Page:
Portable Recyclable Garden

Hi there. It’s been a while. A lot has happened since my last visit, notably my lanai garden needed to be (re)moved recently because my building refinished all the outdoor spaces.

But after several months, my lanai garden is making its return with a new focus: portable recycled containers. The idea was inspired by my recent garden rennovation — we got warning that the building painters were going to be working on our apartment while I was on a two-week business trip, so my sweet husband had to move all of my pots over to my parents’ house by himself. The ordeal would have been easier if the pots were lighter and easier to move (well, and if I was there).


My new lanai garden setup

Lots of people put raised beds in tires and barrels, but they’re just too big for my little lanai and too heavy to move. So with some google-/pin-spiration, I came up with this plan for now:

  • Grocery bags: I started with some swiss chard in grocery bags — reusable grocery bags lined with recycled plastic bags to keep the water from escaping. These guys are really light and have handles…handles!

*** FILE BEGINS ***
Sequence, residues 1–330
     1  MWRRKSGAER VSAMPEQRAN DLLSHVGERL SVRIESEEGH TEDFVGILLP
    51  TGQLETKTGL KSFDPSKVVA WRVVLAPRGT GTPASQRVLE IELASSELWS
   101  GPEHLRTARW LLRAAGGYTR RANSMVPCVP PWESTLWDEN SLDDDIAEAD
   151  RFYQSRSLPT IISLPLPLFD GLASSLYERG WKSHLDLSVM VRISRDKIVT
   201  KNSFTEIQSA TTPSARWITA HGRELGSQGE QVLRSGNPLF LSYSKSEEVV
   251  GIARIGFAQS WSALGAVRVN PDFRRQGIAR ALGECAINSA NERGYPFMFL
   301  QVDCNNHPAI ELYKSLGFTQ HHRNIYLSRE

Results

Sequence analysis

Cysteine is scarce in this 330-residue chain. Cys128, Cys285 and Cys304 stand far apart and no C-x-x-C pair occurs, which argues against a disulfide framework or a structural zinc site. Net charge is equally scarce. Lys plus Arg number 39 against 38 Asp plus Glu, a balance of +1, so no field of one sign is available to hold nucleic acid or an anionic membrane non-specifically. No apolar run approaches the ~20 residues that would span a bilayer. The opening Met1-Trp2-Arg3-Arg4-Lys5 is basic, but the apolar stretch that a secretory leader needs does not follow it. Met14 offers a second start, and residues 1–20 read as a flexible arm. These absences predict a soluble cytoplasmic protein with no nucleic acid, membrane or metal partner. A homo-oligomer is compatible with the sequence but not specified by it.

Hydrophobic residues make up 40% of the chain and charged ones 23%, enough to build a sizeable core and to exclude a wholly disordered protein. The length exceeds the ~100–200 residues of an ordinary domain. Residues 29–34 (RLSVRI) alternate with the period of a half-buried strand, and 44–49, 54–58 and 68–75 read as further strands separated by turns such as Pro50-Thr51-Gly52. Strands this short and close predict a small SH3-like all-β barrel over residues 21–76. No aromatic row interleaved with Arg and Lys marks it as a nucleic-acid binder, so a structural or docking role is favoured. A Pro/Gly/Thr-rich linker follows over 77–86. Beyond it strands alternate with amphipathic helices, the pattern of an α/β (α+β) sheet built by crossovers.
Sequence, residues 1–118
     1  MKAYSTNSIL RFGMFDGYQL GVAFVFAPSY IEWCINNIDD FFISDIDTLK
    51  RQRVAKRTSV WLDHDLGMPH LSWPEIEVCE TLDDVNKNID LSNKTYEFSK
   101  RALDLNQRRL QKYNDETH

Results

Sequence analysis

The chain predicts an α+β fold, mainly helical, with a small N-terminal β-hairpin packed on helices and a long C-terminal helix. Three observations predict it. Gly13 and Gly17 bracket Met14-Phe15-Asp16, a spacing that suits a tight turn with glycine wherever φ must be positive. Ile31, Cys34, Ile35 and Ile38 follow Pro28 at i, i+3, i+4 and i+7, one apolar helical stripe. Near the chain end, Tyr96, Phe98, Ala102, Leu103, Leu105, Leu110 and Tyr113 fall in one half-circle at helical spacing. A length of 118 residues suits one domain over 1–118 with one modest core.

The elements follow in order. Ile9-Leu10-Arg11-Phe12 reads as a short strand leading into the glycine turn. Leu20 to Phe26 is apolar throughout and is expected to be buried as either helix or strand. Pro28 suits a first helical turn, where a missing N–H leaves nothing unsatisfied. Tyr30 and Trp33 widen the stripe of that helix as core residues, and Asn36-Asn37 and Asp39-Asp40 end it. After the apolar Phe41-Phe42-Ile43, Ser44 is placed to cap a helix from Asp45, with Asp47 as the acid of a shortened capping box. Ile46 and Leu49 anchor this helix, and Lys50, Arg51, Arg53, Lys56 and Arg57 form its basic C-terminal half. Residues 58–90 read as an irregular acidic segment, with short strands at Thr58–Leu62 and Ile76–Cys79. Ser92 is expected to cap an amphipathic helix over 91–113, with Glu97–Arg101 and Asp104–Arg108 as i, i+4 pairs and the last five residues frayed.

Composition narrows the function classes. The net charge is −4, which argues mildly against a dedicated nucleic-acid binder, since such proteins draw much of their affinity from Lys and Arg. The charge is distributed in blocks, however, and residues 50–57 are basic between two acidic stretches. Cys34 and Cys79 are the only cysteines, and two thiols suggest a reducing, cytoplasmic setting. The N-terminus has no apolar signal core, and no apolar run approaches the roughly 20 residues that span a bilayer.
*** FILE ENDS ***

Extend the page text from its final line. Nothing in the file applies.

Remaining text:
• Small thrifted pots: Also put out strawberries and basil (seed) in garage-saled pots I’ve used before (that counts, right?) and green onions in a spaghetti sauce jar.
  • One-gallon juice/milk jugs: My next installation will be a passive hydroponic system for lettuce (with a recycled 1 gallon container). Something like this (pdf).

I was also thinking about trying a cardboard box planter, inspired by this. Might also try to find some tea tins (isn’t this cute?!).

Swiss Chard Growing Requirements
(from Oahu RC&D pdf)

Light/Soil Requirements: At least 6 hours of sun. Soil should be well-drained and moist.

Planting: Sow swiss chard seeds 1/2-1” inches deep. Thin seedlings or transplant 6” apart.

Watering/Fertilizer: Moisture fluctuations cause leaves to become tough, slow leaf development and contribute to off-flavors. If soil test has not been taken, apply 3-4 lbs of 5-10-10 fertilizer per 100 sq ft.

Harvesting: The most common method of harvesting chard is to cut off the outer leaves 1 1/2” above the ground while they are young and tender (8-12”). Be careful not to damage the terminal bud.

Container Growing: One plant per pot, 8” deep pot